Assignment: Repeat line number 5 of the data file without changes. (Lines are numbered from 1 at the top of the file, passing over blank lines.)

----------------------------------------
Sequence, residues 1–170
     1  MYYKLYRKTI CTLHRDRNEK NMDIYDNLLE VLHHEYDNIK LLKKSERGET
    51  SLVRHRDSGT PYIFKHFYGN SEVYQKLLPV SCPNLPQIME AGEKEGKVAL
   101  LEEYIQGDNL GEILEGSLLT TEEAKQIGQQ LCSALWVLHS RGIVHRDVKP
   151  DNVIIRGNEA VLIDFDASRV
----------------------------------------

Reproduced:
   151  DNVIIRGNEA VLIDFDASRV